States limit purchase of high end computers



This should clip the wings of those capitalists who need powerful computer capacity. Add regular gamers as well. States putting the brakes and limiting what kind of computer one can have. Falls under “Power Consumption Regulations.” Where did this come from? If we needed another example of a previous post The United States Descent Into Madness this is it. California has a special kind of madness considering they are suppose to be the tech capital of the world.

Looks like it’s back to this:

NEC Multispeed EL Computer“NEC Multispeed EL Computer” by lewong2000 is licensed under CC BY-NC-ND 2.0

Approximately 59 million Americans spanning five states can’t buy Dell’s high-end Alienware brand desktop PCs “due to power consumption regulations.”

When one goes to the Dell Alienware online configurator to buy an Aurora R12 gaming desktop, a special notice appears which reads:

This product cannot be shipped to the states of California, Colorado, Hawaii, Oregon, Vermont or Washington due to power consumption regulations adopted by those states. Any orders placed that are bound for those states will be canceled.

Among other state policies, the prohibition puts Dell in compliance with California’s Energy Commission regulations which took effect on July 1. Under the new guidelines, annual energy consumption cannot consume more than 75 kWh/year, and cannot exceed an “expandability score” (ES) of 690, which includes idle power consumption.


California madness:


Computing Savings in California
Requirements for Desktop Computers, Thin Clients, MobileGaming Systems, Portable All-in-Ones and Notebook Computers
On July 1, 2021, desktop computers, thin clients and mobile gaming systems will be required to comply with the Tier-II performance, testing, marking and certification requirements listed inSections 16011608 ofCalifornia’s Appliance EfficiencyRegulations (Title 20). Portable all-in-ones and notebook computers must continue to meet the Tier 1 requirements that became effective on January 1, 2019.On December 9, 2021, computers with high-speed networking capability, multi-screen notebooks, notebooks with cyclical behavior, and monitors with high refresh rates will also be required to meet the performance, testing, marking and certification requirements listed inSections 1601(v) –1608 of Title 20.The regulations for these computer types are in addition to those that went into effect on January 1, 2018 for small-scale servers, high expandability computers, mobile workstations and workstations.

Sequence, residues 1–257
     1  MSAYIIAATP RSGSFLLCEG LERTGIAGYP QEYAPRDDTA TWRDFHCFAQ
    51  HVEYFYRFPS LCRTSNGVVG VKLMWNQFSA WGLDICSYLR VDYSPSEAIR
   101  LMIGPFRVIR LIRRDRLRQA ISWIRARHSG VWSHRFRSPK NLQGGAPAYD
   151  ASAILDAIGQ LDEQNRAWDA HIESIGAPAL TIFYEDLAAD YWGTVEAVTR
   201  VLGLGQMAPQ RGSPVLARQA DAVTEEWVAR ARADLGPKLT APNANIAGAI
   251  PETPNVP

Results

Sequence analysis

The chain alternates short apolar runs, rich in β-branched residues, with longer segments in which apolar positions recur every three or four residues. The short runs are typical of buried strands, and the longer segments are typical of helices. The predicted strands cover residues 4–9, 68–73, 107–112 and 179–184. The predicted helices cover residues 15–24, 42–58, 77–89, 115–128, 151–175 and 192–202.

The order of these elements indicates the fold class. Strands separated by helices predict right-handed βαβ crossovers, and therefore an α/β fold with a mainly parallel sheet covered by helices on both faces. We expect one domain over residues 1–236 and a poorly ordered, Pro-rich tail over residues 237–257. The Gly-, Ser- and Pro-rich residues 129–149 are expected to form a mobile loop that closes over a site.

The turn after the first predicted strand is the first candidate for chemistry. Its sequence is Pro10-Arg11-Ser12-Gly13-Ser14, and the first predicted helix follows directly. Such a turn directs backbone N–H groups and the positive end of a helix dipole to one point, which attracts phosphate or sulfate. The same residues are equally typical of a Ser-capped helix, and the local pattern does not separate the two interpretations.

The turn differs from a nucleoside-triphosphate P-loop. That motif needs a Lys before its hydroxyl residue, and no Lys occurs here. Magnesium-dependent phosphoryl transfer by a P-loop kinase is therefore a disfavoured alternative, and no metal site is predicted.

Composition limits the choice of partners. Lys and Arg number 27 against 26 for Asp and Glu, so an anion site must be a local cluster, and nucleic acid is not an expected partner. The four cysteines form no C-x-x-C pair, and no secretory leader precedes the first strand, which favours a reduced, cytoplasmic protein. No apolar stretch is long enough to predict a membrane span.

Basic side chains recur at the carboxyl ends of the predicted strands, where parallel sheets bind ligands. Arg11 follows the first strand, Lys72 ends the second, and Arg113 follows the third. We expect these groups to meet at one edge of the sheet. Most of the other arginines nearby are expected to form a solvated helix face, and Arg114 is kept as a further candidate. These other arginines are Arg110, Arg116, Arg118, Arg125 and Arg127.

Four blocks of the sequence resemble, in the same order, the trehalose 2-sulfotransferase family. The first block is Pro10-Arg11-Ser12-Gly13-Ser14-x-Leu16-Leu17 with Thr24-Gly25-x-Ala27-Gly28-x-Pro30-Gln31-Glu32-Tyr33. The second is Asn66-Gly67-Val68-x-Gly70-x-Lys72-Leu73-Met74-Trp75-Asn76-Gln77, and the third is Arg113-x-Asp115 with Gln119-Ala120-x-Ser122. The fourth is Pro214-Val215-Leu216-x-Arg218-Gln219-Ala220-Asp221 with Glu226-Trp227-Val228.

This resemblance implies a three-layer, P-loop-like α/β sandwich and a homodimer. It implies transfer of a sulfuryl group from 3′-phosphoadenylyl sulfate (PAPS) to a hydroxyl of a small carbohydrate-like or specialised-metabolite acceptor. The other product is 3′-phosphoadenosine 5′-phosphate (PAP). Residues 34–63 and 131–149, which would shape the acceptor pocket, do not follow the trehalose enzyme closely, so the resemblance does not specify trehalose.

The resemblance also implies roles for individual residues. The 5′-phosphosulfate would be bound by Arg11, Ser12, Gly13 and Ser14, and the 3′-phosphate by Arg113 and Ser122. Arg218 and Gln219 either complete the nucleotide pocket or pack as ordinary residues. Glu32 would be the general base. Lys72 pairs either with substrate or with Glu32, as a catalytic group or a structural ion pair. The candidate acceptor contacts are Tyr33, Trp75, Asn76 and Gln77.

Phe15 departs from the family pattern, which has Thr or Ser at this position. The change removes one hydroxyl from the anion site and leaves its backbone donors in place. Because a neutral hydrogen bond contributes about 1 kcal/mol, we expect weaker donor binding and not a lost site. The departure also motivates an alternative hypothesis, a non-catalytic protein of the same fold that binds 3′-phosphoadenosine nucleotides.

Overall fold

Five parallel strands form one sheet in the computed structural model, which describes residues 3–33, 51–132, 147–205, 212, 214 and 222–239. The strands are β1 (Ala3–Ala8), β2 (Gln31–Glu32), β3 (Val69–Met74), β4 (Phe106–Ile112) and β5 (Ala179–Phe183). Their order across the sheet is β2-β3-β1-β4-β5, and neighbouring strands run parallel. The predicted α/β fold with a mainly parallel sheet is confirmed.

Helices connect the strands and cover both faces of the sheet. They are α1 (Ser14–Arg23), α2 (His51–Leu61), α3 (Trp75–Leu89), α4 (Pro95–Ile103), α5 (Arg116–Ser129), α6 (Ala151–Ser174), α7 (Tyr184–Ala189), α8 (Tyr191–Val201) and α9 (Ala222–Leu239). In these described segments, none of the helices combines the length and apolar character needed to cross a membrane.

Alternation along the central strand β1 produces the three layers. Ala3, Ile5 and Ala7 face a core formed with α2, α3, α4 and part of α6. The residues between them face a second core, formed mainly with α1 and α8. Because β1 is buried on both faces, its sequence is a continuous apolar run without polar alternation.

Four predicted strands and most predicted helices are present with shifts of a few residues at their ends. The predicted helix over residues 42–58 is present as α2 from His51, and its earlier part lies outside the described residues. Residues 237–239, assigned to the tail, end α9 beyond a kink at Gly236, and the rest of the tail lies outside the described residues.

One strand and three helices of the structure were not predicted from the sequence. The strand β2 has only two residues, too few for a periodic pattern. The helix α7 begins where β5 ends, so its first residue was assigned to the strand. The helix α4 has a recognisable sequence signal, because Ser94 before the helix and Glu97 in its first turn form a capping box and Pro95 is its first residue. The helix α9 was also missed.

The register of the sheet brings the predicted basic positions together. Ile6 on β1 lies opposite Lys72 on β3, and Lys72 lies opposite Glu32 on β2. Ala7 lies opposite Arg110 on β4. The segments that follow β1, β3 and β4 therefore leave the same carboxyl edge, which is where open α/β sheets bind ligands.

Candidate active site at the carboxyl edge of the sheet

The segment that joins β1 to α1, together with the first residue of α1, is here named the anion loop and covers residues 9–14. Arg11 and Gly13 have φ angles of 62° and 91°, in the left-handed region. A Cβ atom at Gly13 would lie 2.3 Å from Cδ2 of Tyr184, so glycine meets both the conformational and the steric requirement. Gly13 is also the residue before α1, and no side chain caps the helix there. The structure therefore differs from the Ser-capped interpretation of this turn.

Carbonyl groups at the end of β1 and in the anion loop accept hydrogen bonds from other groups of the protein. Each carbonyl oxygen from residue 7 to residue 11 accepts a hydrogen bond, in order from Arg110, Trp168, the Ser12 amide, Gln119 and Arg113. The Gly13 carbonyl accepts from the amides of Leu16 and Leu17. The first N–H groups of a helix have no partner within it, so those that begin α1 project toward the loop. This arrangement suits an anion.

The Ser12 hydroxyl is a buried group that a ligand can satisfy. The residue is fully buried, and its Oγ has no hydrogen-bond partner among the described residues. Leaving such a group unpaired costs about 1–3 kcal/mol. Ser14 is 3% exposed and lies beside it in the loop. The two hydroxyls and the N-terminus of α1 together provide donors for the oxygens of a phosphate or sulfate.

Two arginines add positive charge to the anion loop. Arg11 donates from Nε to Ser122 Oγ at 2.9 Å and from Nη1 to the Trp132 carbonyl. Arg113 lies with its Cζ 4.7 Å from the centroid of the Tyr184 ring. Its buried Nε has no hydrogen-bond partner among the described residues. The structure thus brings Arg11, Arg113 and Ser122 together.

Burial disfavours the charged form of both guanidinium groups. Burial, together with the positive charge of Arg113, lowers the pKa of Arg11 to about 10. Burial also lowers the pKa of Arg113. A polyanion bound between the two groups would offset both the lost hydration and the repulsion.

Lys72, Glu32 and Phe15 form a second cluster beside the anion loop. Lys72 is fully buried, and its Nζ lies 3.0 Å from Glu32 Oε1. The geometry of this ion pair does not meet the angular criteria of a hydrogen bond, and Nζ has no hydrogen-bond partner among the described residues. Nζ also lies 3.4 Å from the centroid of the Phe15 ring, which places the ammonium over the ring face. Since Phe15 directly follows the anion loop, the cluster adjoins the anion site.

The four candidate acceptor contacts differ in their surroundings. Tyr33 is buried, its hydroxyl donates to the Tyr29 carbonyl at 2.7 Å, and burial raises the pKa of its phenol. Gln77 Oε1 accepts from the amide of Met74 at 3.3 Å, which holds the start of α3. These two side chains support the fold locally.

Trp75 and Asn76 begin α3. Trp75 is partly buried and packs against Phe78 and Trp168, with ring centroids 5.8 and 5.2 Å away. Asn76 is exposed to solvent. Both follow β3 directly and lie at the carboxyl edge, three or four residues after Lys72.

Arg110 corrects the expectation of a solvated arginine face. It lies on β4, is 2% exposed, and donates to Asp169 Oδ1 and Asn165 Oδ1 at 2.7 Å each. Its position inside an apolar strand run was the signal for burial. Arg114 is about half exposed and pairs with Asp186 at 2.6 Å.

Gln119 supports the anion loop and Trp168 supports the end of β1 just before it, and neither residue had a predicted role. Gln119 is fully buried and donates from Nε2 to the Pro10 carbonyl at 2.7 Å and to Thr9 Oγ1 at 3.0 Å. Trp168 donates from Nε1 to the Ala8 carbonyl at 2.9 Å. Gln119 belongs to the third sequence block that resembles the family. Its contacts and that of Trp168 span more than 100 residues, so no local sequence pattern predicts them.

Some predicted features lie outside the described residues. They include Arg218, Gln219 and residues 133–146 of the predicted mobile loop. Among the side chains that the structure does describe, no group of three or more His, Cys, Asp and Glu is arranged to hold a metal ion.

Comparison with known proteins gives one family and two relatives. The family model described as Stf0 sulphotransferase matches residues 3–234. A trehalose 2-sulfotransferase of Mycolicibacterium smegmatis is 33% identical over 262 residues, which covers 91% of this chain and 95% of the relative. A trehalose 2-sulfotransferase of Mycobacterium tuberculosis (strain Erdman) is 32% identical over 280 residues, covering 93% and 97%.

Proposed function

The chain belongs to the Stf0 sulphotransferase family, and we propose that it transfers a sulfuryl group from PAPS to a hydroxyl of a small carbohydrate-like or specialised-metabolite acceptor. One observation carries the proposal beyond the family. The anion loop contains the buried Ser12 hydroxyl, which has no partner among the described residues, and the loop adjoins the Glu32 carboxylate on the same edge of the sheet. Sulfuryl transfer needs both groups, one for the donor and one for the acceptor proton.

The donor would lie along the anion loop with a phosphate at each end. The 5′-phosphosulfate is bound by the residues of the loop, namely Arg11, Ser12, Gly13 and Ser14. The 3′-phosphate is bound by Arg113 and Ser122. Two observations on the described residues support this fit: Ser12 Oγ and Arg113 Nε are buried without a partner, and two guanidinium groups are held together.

According to the 2016 Energy Commission Staff Report, computers and monitors account for approximately 3% of residential and 7% of commercial energy use, qualifying them as large electricity consumers. Much of the time, these products are turned on and consuming electricity but are not actively being used. The Energy Commission recognizes four different non-active operational modes: short-idle, long-idle, sleep and off-modes.Some computers consume 50 watts of electricity in these idle modes.The Title 20 standards are cost-effective, technically feasible and limit the amount of electricity computers and monitors are allowed to consume when not in active mode. The standards are designed to reduce energy consumption in active mode without interfering with performance. The standards set targets for energy consumed in the four non-active modes based on a computer’s “expandibility score” (ES). The ES considers the number and type of interfaces offered. There are also allowances for additional energy use if the computer offers additional functionality, including:• Add-in Cards• Additional Hard Disks• Graphics Cards• High Bandwidth System Memory• High-speed Ethernet Capability• Integrated Display• Refresh Rates Above 300 Hz (monitors)• System Memory• Video Surveillance Cards• Wired Ethernet or Fiber CardsThe base total energy consumption targets are determined by a product’s ES, which is contingent on the type of interfaces present in the system as sold or offered for sale.
Relevant Code Sections
California Appliance Efficiency Regulations, Title 201602(a) and1602(v) – Definitions1604(v)(4) – Test Methods for Computers1605.3(v)(5) – State Standards for Computers1606 – Filing by Manufacturers; Listing of Appliances in Database1607(b) – Marking of Appliances (Name, Model Number, and Date)
 Title 20
Fact Sheet
 Title 20 –Computers – 2019 Tier-I Standards 
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California Appliance Efficiency Regulations
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24 Responses to “States limit purchase of high end computers”

  1. Bill H. Says:

    But, we will be required to convert 15 million cars from internal combustion to electric power by 2030.
    FIFTEEN MILLION ELECTRIC CARS, but no high speed computers.
    Only in California, along with $300 billion and 35 years to build 100 miles of high speed rail in the desert.

    Liked by 1 person

  2. Steve Dennis Says: